The writing's on the wall
George Hatzimanolis takes to the streets of Exarcheia, Athens, to look at the philosophy behind its graffiti-coated walls
In Exarcheia they say the spray can is mightier than the policeman's baton. And it shows, on the walls of almost every building throughout the tough, gritty inner Athens neighbourhood, renowned as a hub for socialist activism and Greece's anarchist movement. While most other graffiti that plagues Athenian buildings appears pointless - common tagging and territorial claims by football gangs - in Exarcheia most things sprayed on walls are written with purpose, some are even poetic.
A stroll through the neighbourhood, which has its perimeter heavily patrolled by the very policemen that most graffiti targets, indicates just how witty Greek youth can be. Even locals, who many times have had their own property defaced, tend to see past graffiti as an act of vandalism and today's more as the youth's way of expressing their anguish at the current state of affairs in Athens.
"Although I must admit I don't really like the way it has turned what was once a beautiful neighbourhood and the pride of inner Athens into what now appears as a ghetto, I do understand that in today's society, the building wall and the internet are the forum the youth are using to get their message across," says Exarcheia resident Akis Hatzichristos, who has lived in the neighbourhood for 35 years.
He says political graffiti is so prominent in Exarcheia, it's almost impossible to walk more than three metres without finding a fresh piece.
"It's often humorous, sometimes poetic, but always thought-provoking," adds Hatzichristos, who by his own admission, often finds himself laughing and then pondering the clever comments left behind on building exteriors. According to one person responsible for such graffiti in the area, getting people to question the status quo, or at the very least acknowledge another way of thinking, is exactly what those who graffiti are aiming for.
"We want to show the government, the police and the citizens that we are disillusioned, we are tired of having our dreams crushed and our voices muted by this system," says Yanni, a 22-year-old Exarcheia resident.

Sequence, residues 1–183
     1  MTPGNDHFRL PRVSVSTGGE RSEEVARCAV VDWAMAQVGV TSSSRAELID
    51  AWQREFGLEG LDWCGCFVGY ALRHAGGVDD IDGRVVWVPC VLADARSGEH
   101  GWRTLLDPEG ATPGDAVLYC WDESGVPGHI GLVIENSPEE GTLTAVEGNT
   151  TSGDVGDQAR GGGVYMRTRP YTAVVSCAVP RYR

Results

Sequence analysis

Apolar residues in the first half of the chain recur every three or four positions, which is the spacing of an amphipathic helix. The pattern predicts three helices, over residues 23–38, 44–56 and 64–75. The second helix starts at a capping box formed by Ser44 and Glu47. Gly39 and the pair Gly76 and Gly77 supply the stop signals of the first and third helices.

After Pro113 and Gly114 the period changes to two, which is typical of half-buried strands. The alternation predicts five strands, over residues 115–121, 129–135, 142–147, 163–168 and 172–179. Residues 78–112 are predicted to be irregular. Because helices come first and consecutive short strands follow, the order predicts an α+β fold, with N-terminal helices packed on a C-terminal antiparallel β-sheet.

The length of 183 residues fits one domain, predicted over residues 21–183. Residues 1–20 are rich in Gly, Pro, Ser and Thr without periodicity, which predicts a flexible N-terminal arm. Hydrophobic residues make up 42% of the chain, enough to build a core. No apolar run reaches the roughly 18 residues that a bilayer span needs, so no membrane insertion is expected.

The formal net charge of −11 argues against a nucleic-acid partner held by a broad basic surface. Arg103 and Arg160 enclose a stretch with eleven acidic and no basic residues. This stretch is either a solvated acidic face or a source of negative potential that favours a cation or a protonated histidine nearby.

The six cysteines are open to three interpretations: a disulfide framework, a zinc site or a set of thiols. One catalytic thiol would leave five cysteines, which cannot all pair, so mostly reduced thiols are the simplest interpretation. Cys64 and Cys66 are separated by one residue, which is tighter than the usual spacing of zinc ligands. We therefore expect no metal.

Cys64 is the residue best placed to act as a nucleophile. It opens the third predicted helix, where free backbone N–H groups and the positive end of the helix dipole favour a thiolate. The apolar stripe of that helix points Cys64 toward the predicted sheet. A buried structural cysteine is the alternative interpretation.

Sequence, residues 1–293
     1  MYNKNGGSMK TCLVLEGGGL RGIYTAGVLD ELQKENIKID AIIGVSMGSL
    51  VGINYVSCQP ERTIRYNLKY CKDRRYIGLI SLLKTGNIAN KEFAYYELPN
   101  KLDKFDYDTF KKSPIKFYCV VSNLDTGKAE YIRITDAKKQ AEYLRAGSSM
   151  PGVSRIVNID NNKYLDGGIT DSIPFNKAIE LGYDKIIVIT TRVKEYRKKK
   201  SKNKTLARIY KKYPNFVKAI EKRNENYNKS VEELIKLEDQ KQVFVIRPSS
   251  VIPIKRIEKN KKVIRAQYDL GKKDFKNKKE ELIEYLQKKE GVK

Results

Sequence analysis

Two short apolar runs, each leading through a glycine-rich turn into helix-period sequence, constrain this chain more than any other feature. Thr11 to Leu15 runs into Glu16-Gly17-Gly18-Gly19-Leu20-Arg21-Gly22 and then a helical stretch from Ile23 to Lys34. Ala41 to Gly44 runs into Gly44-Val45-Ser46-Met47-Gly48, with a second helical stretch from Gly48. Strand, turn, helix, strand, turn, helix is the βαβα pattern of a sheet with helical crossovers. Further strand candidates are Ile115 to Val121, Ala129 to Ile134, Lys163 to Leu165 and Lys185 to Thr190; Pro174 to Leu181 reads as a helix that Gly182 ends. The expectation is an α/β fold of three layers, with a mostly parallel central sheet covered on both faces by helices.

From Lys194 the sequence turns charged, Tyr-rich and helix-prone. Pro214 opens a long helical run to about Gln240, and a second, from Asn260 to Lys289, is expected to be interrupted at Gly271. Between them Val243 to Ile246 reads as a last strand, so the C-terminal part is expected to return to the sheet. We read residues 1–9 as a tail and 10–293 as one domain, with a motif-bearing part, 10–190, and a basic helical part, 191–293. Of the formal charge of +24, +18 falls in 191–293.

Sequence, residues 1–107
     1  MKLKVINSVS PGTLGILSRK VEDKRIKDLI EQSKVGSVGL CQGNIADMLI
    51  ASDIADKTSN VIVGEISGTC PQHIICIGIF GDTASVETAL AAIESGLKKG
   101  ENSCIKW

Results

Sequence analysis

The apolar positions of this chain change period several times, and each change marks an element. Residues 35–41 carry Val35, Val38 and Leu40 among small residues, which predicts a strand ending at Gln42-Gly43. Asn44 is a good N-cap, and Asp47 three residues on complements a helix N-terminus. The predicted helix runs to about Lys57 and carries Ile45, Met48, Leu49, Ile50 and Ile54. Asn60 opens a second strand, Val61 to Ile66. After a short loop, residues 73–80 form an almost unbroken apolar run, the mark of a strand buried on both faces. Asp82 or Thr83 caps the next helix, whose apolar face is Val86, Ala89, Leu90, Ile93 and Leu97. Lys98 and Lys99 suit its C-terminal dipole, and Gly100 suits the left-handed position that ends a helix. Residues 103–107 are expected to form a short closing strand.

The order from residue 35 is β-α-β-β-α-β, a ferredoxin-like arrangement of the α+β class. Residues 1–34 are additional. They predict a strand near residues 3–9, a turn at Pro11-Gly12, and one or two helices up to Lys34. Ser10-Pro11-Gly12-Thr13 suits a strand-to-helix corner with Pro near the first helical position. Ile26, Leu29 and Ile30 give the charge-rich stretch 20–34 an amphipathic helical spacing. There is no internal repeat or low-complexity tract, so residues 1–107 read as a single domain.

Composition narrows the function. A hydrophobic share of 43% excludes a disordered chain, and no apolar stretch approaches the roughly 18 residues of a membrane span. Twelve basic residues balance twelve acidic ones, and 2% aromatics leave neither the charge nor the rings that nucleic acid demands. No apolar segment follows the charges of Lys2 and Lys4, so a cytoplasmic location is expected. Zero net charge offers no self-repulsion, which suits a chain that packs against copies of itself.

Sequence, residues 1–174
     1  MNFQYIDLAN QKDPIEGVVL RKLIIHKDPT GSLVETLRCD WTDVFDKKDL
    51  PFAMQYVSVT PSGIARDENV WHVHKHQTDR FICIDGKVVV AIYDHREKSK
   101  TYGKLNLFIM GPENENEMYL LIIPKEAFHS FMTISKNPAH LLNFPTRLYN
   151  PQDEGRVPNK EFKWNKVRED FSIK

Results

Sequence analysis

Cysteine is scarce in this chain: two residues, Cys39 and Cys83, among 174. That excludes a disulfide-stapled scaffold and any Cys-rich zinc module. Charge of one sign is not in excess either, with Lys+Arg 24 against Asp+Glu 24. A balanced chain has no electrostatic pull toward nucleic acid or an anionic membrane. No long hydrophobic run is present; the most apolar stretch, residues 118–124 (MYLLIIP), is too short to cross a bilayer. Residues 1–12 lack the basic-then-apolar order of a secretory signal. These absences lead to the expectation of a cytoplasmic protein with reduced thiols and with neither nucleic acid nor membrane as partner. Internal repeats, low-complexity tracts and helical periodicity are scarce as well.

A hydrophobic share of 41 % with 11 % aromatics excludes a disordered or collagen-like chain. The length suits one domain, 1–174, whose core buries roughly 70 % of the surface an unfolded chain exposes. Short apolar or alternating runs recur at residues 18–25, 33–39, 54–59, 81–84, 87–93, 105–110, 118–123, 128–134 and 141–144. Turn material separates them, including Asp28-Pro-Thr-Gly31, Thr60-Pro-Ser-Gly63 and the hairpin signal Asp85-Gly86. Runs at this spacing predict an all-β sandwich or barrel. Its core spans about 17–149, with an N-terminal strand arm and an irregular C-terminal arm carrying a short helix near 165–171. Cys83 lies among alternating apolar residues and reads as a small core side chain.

Born in Patra, Yanni moved to Athens four years ago to attend university and has lived in Exarcheia ever since. He is a member of the local branch of ANTIFA, an Anti-Fascist organisation that is one of the more vocal groups in Exarcheia, speaking out against police brutality and racism. Yanni asked to have his surname hidden because he does not want his identity revealed to local police authorities. "Although those illiterate bums probably never read a newspaper, let alone one from Australia," he tells Neos Kosmos.
Coming from a family that has always swayed to the left side of politics, Yanni says it was inevitable that he too would one day join the ranks. Within days of starting university he signed up as a member of the Communist Party of Greece (KKE) but quickly became disheartened. "Although I love the romantic concept of a society that is fair and equal and for all, the reality is that at KKE, some people, it seems, are more special than others and I could not handle that," Yanni says. While walking from his apartment to school, Yanni noticed a series of posters plastered around the walls of his suburb. "ANTIFA publishes a series of posters each month, with news and views on the world, they are then stuck on walls around Exarcheia. I stopped to read one of them and was immediately drawn in by their philosophy."
The general message of ANTIFA, he says, is one of a world with no racism, where government would stop operating its scare tactics to keep people in line and where the police would be held accountable for their excessive use of force. "I then remember seeing a graffiti piece that read 'In this world we are all migrants', it had been tagged ANTIFA.
For some reason that message really hit home. I started thinking why on earth do we treat these poor Nigerians, Pakistanis, Albanians so terribly? Why don't we realise they are just people like us, regardless of their political or religious beliefs.
"I then recalled how police would chase these poor migrants down the streets just for selling fake handbags, while right in front of them Greek kids were shooting up heroin and the cops didn't even care, at the time it made no sense." That sprung Yanni into action. Together with a friend, they began to read more about ANTIFA and within weeks, armed with spray cans of their own, started tagging messages on the walls.
One such message has become a slogan in Exarcheia. Loosely translated it says: "I live in Exarcheia, does that make me a criminal?" referring to the reputation Exarcheia has as a hub for violent activity following the riots that proceeded the death of a 15-year-old boy in the neighbourhood, after he was shot and murdered by a member of the Greek police force. "That boy's death was a tragedy and although I don't like to use the murder of an innocent child as means to get our point across, the truth is we need to never forget what happened and most importantly, make sure that it never happens again," says Yanni. More recently he has also penned another "very successful" piece, he says.
It reads: "If you don't let us dream, we won't let you sleep". "Many people in my clique liked that one, others think that I am asking people to become violent. What I am saying is that if the government and their system continues to squash our hopes and aspirations, then we, the young people of Athens, regardless of our ethnic background, will take to the streets and continue to fight for what we believe in; to rid this country of the greedy, corrupt people that have destroyed it, and to never stop until we too are allowed to once again dream."
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